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All the Trump References From Gilmore Girls, Ranked By How Awkward They Sound Now

In the constant deluge of pop-culture references streaming forth from the mouths of Gilmore Girls characters, from Heathers to Two Fat Ladies to Tiger Woods, it was easy at the time to miss noticing that the Gilmores had an ongoing preoccupation with a certain someone–namely, the orange-skinned bogeyman currently stalking the halls of American politics, frightening small children with the threat of trying to date them when they turn fourteen.

But if you, like us, are going back to rewatch the seven glorious seasons of Gilmore Girls in preparation for the revival coming to Netflix on November 26th, you may have noticed that a few of those jokes are… no longer quite so funny. That’s always kind of a danger with pop culture references, but who was to know that the strutting reality star from The Apprentice and (shudder) the Miss USA pageant was soon going to be the US’s would-be first fascist dictator?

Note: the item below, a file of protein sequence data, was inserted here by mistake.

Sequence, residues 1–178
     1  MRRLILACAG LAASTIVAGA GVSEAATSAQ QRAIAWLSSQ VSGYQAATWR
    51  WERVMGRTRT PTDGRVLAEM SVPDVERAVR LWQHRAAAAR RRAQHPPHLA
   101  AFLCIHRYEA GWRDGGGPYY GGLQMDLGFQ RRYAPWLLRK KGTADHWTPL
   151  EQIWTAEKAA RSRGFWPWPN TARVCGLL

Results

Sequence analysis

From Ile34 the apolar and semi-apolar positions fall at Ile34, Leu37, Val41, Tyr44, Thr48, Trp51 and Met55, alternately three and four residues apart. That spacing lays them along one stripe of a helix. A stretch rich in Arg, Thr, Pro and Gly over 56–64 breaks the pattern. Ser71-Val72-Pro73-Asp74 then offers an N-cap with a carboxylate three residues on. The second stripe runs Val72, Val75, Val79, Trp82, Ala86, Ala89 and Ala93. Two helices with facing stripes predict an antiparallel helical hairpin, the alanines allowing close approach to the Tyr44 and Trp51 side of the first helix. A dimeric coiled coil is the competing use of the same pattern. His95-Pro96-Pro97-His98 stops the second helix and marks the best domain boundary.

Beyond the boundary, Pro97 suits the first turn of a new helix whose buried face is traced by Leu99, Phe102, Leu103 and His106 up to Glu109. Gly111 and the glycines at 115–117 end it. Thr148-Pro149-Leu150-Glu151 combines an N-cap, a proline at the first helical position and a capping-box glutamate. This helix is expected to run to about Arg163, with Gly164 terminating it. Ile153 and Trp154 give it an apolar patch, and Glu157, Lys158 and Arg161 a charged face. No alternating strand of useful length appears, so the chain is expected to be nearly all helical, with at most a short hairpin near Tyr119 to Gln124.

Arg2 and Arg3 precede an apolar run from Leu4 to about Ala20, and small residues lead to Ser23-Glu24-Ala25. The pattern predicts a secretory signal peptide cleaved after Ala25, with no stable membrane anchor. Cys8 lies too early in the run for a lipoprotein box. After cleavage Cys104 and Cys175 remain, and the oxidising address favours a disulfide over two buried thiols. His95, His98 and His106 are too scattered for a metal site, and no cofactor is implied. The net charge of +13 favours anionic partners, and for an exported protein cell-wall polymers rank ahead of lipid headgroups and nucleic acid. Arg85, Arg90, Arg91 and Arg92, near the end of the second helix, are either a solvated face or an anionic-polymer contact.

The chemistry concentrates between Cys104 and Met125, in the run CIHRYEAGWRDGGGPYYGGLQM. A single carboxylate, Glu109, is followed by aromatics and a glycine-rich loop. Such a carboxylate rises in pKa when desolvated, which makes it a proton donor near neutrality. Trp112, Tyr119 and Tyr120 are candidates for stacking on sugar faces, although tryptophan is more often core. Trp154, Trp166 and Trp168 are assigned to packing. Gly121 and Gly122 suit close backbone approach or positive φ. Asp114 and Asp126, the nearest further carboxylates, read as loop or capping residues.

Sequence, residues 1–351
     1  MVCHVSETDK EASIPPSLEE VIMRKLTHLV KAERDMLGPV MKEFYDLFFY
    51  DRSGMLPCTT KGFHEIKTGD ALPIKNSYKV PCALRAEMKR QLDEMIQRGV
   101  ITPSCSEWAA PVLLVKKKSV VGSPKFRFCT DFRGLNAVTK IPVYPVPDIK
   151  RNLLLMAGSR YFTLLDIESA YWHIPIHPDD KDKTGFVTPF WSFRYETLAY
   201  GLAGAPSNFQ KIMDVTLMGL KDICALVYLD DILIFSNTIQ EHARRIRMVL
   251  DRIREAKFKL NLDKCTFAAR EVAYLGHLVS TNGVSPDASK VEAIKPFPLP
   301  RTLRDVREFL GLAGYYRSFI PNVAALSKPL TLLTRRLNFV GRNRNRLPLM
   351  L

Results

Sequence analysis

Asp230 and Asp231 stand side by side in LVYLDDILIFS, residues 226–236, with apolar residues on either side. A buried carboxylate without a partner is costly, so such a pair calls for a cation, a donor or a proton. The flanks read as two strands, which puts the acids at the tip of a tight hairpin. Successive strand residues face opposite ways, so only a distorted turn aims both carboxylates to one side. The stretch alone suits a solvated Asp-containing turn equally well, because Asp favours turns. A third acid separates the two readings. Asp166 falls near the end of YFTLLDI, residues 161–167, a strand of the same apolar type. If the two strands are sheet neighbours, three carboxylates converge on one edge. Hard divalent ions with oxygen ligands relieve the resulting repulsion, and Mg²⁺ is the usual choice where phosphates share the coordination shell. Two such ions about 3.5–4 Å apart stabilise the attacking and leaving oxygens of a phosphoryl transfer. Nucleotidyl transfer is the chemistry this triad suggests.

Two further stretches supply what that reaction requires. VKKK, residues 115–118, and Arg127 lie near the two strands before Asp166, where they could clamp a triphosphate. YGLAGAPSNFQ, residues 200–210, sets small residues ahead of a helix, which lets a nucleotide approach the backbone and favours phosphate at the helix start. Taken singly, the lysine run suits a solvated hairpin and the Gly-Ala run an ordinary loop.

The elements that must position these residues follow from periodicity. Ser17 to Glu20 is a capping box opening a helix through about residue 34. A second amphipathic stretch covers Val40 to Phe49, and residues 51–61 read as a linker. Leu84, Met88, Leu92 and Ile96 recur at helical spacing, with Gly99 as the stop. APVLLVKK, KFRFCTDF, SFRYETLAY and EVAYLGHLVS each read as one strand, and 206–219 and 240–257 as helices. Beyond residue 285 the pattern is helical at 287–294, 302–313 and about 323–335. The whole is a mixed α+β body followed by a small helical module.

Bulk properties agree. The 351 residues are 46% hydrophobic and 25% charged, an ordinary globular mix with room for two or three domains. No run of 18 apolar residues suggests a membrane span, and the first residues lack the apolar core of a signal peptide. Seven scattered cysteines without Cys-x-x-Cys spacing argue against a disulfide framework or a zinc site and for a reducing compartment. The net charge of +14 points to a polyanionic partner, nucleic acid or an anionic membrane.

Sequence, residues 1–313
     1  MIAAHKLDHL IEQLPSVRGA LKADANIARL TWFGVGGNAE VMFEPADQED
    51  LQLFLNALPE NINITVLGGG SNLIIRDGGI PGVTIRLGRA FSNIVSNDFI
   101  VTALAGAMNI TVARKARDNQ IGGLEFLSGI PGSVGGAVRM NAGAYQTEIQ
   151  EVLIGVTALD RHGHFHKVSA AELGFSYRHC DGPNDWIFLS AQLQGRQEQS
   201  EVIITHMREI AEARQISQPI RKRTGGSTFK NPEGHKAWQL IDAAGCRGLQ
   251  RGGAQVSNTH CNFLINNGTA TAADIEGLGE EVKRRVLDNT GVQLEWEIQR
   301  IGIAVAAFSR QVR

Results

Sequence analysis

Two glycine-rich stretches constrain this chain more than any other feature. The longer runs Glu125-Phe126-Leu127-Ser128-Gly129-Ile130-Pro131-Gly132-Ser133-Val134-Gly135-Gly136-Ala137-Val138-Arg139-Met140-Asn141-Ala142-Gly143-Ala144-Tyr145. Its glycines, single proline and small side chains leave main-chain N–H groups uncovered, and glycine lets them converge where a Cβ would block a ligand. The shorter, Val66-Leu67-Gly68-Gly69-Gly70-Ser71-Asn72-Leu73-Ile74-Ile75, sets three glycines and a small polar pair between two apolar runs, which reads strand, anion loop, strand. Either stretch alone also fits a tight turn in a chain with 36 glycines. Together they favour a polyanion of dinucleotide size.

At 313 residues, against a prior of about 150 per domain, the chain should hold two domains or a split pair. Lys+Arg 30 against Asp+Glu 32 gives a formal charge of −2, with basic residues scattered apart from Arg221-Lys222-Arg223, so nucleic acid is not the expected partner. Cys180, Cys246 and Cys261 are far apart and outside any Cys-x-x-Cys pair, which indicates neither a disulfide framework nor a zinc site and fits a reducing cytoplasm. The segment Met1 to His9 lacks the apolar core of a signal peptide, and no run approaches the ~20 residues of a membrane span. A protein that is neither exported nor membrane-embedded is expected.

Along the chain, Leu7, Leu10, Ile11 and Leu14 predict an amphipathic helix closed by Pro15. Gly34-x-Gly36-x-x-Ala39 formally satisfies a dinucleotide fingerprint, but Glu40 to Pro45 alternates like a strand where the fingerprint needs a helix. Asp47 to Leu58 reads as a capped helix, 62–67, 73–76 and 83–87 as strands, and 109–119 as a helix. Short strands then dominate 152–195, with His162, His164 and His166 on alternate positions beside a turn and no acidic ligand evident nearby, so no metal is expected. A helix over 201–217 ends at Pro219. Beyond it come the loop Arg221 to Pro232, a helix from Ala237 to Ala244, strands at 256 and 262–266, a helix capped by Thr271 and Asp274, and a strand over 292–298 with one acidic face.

In honor of the upcoming revival and in… what’s the opposite of honor? Ignominy?… of the upcoming election, here’s a list of all five times Herr Trump was mentioned in the original Gilmore Girls, ranked in order of how the reference sounds to our sadder, wiser 2016 ears–from “slightly awkward” to “tragically cringe-inducing.”